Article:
Gospel of Judas: Survey of Early Reactions and Commentary
So here we are again, two thousand years later, and Judas is fulfilling his mission to bring light into darkness,
and the darkness still has not understood it.
Once again, we are rehearsing all the old strategies of marginalization and denial which structure the discourse of orthodoxy and heresy:
The history of the scholarly study of religion, and "Gnosticism" in particular, traces the surrender, in the face of new facts and knowledge, of one cherished belief or hypothesis after another, from the "historical Jesus" to the authorship of the Gospels to the use of Gnosticism as a polemical category to define and defend the borders of orthodox Christianity.
What we are left with, once most of the resistances have been overcome, is a much more complex picture of the historical environment, social structure and textual resources of early Christian communities, and a "Gnosticism" that cannot be separated from very early Christianity, or what Bart Ehrman calls "proto-orthodoxy" -- since there was no orthodoxy at the time. According to King, "Christoph Markschies suggest that we have lost 85% of Chrisitan literature from the first two centuries -- and that includes only the literature we know about." (The Gospel of Mary Magdala p.6).
The Gospel of Judas takes us to the late second century, if there existed a Greek original for the Coptic copy found in Egypt, presumably similar to the one described (but not seen) by Irenaeus in 180CE. We now find ourselves outside the bulwark of the first century, beyond which no taint of impurity to the true tradition is presumed to exist.
Keeping in mind the minimum 85% suppressed or neglected early texts, this boundary seems arbitrary and psychologically naive. The answer, judging from recent reaction, to the question "does the Gospel of Judas tell us anything about the historical Jesus (as if there were one) or very early Chrisitanity?" is a thunderous, near-unanimous "No." And what are our modern protectors of the faith protecting us from?
Tertullian, a Church Father and heresy hunter, said in AD160: "When we come to believe, we have no desire to believe anything else; for we begin by believing that there is nothing else which we have to believe." and "it is better for you to remain ignorant, for fear that you come to what you should not know." Just exactly what is it, that we "should not know?" Which is the same question as "what did the Gnostics (the knowers) know"?
Here we find ourselves again at the intersection of myth and history, and at the disjunction of religion, natural science and psychology, none of which seems capable of talking to one another. Daniel Dennett's concept of "belief in belief" explains the adaptive value of belief in itself, outside of specific articles of faith, but is scorned by the religionists as "scientism" and largely ignores a century of insight into psychological resistance and ego formation. Science and religion talk past each other, having no common ground, while psychology, which should have a role in their mediation, has come to a dead end with its schism between matter and mind, and is listened to by no one. Science sees nothing to know, since it cannot see a Spiritual domain. Religion, the container of Spirituality, doesn't believe in science, and would rather not know, either about its own developmental history or what it has been resisting for two thousand years.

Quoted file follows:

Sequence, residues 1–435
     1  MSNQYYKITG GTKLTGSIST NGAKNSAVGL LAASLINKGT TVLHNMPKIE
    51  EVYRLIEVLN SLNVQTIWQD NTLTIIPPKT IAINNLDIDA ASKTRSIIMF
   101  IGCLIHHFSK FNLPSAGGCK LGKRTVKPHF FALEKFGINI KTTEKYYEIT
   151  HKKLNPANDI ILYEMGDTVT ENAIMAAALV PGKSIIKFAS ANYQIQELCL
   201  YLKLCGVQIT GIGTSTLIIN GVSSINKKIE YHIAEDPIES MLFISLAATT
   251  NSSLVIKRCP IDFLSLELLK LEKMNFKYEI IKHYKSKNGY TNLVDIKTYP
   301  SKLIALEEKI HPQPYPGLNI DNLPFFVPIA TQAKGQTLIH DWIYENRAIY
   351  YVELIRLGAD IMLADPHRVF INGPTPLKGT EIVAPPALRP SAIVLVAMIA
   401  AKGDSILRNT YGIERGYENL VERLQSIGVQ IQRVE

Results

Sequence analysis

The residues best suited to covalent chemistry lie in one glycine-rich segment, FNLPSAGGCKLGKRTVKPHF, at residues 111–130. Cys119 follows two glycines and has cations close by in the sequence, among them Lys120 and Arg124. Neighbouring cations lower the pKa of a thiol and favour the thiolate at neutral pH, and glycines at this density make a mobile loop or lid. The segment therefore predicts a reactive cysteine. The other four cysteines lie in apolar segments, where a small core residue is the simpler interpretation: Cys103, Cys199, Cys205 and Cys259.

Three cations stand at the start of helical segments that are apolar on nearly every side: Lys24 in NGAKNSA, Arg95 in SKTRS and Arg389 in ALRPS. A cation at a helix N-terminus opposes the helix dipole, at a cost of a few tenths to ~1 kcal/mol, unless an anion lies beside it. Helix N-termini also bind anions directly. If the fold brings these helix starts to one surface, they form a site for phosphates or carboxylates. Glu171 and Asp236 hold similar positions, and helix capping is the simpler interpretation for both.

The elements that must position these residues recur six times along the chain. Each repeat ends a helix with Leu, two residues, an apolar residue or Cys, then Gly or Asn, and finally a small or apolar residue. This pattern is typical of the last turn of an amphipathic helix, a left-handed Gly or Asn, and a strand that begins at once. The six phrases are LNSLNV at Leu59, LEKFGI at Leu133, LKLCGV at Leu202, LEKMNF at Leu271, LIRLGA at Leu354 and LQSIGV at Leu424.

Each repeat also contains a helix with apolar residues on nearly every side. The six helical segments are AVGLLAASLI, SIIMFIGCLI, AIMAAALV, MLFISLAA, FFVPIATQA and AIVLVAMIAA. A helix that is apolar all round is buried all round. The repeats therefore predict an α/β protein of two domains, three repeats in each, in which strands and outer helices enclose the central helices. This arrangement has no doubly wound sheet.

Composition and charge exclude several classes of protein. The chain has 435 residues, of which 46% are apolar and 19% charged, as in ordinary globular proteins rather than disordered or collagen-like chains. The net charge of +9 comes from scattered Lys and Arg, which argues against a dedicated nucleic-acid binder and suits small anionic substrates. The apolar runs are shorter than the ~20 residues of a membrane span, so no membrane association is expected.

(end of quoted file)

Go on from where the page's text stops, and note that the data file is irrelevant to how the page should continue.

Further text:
The psychoanalyst Wilfred Bion calls the "selected fact" the fact that can't be selected because it will result in catastrophic change for the psyche or group. The selected fact is the fact that cannot be integrated into the current definatory hypothesis or basic belief system because its integration will cause the destruction of the container, the current definatory hypothesis maintained by mythical assumptions.
The selected fact in the current belief system of Biblical scholarship -- and mainstream Christianity -- is the probability that "Gnostic influences" reach into the pre-history of both orthodox Christianity and normative Judaism, that Jesus taught on many levels to reach the various levels of psycho-spirtual development of his audience and -- "Anyone with two ears should listen" -- had a not-so-secret teaching (for those who could hear) which developed into a wild variety of "gnosticisms" appropriate for the times. And that because human consciousness was not mature enough two thousand years ago to think scientifically, Jesus' teachings were encapsulated by the collective psyche in a defensive reaction opposite and equal to the power of his revelation, as he knew it would be, awaiting the second coming and the development of individualized psyches capable of understanding the Truth.
What they don't want you to know:
Perhaps, if our faith were more pure, we would imagine that God's plan included a component for the long-term education and evolution of human conscousness (considering its current pathetic state), and could see our arrogance and immaturity in presuming to understand the Word, as well as the meaning of Judas' reappearance at this time in history.
Which leaves the question: has the human race evolved or developed psychologically or spiritually -- at all -- in the past two thousand years?
Carlo Suares: Judas, or Jesus Accepted
Carlo Suares: Lexicon: Qahaeen/Hevel Cain and Abel
Jesus Myth / Historical Jesus
Gnosticism / Gnostic Material
New Testament Resources
Background on the struggle between belief and knowledge:
|National Geographic links and resources:|
|More primary sources, manuscript history and links:|
|Heresy hunters and myths of gnosticism:|
Start with a review informed by modern scholarship and views on Gnosticism and its relationship to early Christianity. Relatively in depth consideration of the structure and themes of the GoJ. At least one of the contributors (Lance Jennott) is a Coptic scholar and translates several key words differently from the Nat Geo translation: "seed" for "divine spark" and "race" or "people" for "generation."